• adjective (Zoöl.) the gopher snake.
  • adjective a white crystalline powder obtained by reduction from indigo blue, and by oxidation easily changed back to it; -- called also indigogen.
  • adjective a substance obtained from indigo.
  • noun A kind of deep blue, one of the seven prismatic colors.
  • noun (Chem.) A blue dyestuff obtained from several plants belonging to very different genera and orders, such as, the woad, Isatis tinctoria (family Cruciferae), Indigofera suffroticosa, Indigofera tinctoria (family Leguminosae), Indigofera Anil, Nereum tinctorium, Polygonum tinctorium Ait. (family Polygonaceae), etc.; called also natural indigo. It is a dark blue earthy substance, tasteless and odorless, with a copper-violet luster when rubbed. Indigo does not exist in the plants as such, but is obtained by decomposition of the glycoside indican.
  • noun (Bot.) Isatis indigotica, a kind of woad.
  • noun (Bot.) the American herb Baptisia tinctoria which yields a poor quality of indigo, as do several other species of the same genus.

from Wiktionary, Creative Commons Attribution/Share-Alike License.

  • noun A purplish-blue colour
  • noun An indigo-colored dye obtained from certain plants (the indigo plant or woad), or a similar synthetic dye.
  • adjective Having a deep blue colour.

from WordNet 3.0 Copyright 2006 by Princeton University. All rights reserved.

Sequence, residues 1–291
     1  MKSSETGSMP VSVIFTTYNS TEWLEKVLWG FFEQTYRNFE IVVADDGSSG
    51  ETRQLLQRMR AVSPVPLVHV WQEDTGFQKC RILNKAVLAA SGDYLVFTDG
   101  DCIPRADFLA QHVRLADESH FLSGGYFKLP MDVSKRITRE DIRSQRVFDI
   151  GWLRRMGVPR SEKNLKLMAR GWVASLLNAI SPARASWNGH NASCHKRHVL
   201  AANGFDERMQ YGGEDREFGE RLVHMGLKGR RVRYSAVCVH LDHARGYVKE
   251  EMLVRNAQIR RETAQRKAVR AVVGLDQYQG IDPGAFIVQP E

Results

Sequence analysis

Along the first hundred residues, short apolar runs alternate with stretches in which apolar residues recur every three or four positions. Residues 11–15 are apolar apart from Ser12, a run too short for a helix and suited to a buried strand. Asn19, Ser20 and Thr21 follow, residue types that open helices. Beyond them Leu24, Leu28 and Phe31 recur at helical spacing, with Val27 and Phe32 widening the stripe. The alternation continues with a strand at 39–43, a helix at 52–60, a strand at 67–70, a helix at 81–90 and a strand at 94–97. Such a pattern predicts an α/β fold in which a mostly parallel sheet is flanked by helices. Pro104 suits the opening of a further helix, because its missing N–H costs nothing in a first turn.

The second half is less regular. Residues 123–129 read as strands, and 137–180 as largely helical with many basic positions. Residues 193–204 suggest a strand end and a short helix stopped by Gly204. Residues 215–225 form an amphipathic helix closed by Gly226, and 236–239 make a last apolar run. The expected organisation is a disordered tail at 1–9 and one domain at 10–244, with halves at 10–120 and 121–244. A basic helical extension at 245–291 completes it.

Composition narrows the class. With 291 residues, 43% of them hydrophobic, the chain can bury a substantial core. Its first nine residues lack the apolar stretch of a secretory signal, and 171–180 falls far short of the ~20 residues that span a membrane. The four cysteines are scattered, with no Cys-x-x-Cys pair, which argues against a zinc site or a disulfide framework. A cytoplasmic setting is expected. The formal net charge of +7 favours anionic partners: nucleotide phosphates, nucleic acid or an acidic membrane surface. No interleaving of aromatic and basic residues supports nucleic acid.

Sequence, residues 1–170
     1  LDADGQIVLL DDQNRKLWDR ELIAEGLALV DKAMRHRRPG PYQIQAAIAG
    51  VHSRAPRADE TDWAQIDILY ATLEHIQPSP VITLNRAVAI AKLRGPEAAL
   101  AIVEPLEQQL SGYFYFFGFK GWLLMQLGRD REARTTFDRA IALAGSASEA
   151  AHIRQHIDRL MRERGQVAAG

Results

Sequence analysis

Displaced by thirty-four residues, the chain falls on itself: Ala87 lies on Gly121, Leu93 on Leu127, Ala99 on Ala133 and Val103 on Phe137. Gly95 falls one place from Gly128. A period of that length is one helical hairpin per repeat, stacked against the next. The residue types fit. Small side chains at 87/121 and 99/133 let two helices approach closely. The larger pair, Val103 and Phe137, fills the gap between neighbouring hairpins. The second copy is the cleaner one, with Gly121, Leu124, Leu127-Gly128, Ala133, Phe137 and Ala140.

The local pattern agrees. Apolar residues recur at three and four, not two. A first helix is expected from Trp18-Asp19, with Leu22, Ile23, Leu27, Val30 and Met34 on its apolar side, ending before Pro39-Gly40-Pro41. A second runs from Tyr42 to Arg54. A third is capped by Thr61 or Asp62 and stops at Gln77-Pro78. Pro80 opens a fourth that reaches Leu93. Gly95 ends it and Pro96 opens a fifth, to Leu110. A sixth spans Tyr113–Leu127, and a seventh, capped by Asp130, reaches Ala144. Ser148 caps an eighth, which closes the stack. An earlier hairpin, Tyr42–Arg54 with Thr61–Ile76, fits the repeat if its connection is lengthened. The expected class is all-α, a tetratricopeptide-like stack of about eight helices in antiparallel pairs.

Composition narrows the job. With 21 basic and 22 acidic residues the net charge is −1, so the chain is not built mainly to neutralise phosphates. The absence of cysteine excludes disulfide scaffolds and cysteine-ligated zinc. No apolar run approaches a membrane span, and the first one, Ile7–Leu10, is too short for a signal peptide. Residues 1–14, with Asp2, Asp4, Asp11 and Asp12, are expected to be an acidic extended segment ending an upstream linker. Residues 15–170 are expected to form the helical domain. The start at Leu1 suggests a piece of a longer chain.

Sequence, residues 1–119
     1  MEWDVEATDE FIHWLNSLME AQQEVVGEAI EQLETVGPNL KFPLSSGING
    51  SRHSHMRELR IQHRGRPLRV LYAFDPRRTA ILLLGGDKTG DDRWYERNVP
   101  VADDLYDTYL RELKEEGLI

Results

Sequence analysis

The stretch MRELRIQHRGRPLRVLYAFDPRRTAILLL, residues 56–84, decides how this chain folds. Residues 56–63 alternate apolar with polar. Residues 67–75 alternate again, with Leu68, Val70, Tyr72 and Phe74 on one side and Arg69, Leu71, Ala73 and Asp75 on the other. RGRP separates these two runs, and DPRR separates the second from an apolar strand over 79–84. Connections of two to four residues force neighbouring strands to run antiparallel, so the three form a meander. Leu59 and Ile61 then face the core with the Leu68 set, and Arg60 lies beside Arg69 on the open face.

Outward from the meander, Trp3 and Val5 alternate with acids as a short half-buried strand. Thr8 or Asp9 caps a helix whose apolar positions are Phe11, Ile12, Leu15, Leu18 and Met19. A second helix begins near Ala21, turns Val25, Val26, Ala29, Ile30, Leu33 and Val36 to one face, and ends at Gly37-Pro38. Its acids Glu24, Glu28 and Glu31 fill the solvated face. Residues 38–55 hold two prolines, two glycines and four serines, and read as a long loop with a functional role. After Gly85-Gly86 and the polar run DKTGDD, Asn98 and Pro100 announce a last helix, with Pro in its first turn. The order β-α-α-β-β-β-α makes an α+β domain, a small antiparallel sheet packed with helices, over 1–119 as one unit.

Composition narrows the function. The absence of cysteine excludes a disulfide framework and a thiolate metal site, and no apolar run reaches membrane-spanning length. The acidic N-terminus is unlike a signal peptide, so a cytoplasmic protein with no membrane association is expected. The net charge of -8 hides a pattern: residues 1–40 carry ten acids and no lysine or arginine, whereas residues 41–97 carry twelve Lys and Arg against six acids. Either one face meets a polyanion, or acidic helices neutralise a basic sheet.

• noun a blue dye obtained from plants or made synthetically
  • noun a blue-violet color
  • adjective having a color between blue and violet
  • noun deciduous subshrub of southeastern Asia having pinnate leaves and clusters of red or purple flowers; a source of indigo dye

Etymologies

from The American Heritage® Dictionary of the English Language, 4th Edition

[Spanish índigo and Dutch indigo (from Portuguese endego), both from Latin indicum, from Greek Indikon (pharmakon), Indian (dye), neuter of Indikos, of India, from India, India, from Indos, the Indus River, from Old Persian Hinduš, Sind; see Hindi.]

from Wiktionary, Creative Commons Attribution/Share-Alike License

From Spanish indico, Portuguese indigo, or Dutch (via Portuguese) indigo, all from Latin indicum ("indigo"), from Ancient Greek Ἰνδικὸν ("Indian dye").

Examples

  • I never heard the term indigo child until I read this article, but there it was in the New York Times on Thursday, and then last night at the video store I saw this--clearly some kind of confluence, at least for me.

    I Read The New Yorker This Week 1